DEBUT Marcellus, a giant Pacific octopus living in the Puget Sound's Sowell Bay Aquarium, is running on borrowed time as he nears the end of his life. He is befriended by Tova, the 70-year-old widow who cleans the aquarium and shines the glass of Marcellus's tank. Tova still grieves the disappearance of her only child Erik 30 years earlier, and the more recent death of her husband. Hundreds of miles away in California, Cam, a rock musician who's lost his band, his job, and his girlfriend, finds the Sowell Bay High School class ring of his long-gone mother and heads out to track down the father he never knew. Cam's hard-luck life follows him north, and he eventually crosses paths with Tova when he is hired to take over her duties as she recovers from a workplace injury. Marcellus--a thief, escape artist with a mission, and brilliant observer of human behavior--narrates his chapters with a whip-smart wit born of his nine brains, three hearts, and the impatient urgency of wanting to help his beloved Tova before his time runs out. VERDICT Poet and short story writer Van Pelt has written an irresistibly wonderful, warm, funny, heartbreaking first novel, full of gentle people (and one octopus) bravely powering through their individual scars left by lives that have beaten them up but have not brought them down.--Beth E. Andersen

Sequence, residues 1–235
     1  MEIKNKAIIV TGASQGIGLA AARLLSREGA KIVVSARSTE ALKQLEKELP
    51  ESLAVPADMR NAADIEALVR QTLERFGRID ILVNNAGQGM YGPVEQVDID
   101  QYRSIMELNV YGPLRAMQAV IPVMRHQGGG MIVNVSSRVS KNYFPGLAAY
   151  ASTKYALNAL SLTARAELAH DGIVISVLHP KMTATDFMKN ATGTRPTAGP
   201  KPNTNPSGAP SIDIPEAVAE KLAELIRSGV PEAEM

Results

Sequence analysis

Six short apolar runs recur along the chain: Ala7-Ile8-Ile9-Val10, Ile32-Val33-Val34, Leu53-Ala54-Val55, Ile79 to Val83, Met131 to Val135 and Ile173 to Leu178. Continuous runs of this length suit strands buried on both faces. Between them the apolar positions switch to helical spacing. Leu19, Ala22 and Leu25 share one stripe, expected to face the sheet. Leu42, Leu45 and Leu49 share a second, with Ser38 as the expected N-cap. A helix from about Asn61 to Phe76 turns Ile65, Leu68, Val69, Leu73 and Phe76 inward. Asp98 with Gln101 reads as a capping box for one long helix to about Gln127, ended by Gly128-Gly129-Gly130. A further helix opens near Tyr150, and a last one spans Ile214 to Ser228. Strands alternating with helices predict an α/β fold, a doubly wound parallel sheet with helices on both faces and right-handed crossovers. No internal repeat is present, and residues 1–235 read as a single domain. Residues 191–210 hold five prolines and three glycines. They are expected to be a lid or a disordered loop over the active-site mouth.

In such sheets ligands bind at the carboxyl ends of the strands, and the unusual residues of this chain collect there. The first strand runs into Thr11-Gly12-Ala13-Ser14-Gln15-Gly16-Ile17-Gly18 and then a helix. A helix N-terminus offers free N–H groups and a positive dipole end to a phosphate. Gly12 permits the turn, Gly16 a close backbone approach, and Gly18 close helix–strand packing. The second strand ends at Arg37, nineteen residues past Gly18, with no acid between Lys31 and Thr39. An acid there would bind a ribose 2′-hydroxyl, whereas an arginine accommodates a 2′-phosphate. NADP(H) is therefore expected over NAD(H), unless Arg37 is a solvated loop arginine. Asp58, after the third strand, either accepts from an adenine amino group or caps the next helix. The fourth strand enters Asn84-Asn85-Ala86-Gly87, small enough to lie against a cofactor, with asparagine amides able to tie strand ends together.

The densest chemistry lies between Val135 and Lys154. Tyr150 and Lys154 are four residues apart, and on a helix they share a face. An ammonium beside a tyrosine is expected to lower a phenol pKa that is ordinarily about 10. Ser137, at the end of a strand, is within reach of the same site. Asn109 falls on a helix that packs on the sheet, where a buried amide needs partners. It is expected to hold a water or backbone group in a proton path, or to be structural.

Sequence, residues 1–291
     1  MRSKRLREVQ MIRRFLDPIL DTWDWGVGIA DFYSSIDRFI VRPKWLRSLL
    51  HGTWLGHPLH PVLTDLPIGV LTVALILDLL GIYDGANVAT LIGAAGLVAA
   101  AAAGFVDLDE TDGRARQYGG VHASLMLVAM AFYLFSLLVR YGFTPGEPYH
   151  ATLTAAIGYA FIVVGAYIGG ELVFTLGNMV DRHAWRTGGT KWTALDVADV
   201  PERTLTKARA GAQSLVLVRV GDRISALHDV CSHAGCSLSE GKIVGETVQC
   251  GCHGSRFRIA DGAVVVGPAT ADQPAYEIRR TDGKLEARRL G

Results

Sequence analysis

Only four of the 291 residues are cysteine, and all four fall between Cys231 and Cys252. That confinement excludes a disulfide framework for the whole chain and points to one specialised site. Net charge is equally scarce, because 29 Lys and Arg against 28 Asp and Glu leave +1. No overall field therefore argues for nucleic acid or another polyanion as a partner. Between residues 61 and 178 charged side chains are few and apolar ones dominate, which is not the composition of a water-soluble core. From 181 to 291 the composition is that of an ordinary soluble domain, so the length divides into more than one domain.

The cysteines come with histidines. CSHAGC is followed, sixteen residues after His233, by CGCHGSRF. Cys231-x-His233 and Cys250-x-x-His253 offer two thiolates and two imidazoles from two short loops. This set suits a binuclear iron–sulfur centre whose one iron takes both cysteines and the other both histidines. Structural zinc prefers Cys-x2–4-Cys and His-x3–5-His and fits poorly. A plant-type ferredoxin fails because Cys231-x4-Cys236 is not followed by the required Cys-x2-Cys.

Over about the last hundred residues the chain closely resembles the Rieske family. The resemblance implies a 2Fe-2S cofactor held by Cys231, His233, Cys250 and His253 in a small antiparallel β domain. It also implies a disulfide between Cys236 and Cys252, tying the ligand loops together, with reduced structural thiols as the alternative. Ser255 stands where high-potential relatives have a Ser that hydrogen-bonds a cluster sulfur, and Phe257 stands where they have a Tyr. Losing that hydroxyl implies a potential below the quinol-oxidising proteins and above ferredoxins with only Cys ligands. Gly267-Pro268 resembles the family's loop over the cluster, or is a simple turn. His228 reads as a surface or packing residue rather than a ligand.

A lonely woman discovers that sometimes humans don't have all the answers. Tova Sullivan's best friend is an octopus. A giant Pacific octopus named Marcellus, to be precise, and he is that--the novel opens with the first of several short chapters narrated in the first person (unlike the rest of the book) by the octopus himself, who can, as he points out, do many things we don't know he can do. What he can't do is escape from captivity in a small public aquarium in the fictional town of Sowell Bay, near Puget Sound. Tova, too, has lived in the town for most of her life, in a house built by her father. At age 70, she's stoic but lives with layers of grief. Her estranged brother has just died, with no reconciliation between them, and her beloved husband died a couple of years before from cancer. But the unsealable wound is the disappearance 30 years ago of her only child. Erik was an 18-year-old golden boy when he vanished, and the police, although they found no body, believe he killed himself. Tova does not. She fills her days with visits with her longtime friends, a group of gently eccentric women who call themselves the Knit-Wits, and fills her nights cleaning at the aquarium. There, she prides herself on keeping the glass and concrete scrupulously clean while chatting with the inhabitants, although she saves her deep conversations for Marcellus. Lately she's been concerned about the way he's been escaping from his tank and cruising through the other enclosures for live snacks- -and sometimes visiting nearby rooms, which risks his life. Tova is too preoccupied to pay attention to the sweet but awkward flirting of Ethan, the Scotsman who runs the grocery store, but she does get drawn into the complicated life of a young man named Cameron who wanders into Sowell Bay. Although Tova and other characters are dealing with serious problems like loss, grief, and aging, Van Pelt maintains a light and often warmly humorous tone. Tova's quest to figure out what happened to Erik weaves her back into other people's lives--and occasionally into someone's tentacles. A debut novel about a woman who befriends an octopus is a charming, warmhearted read. Copyright (c) Kirkus Reviews, used with permission.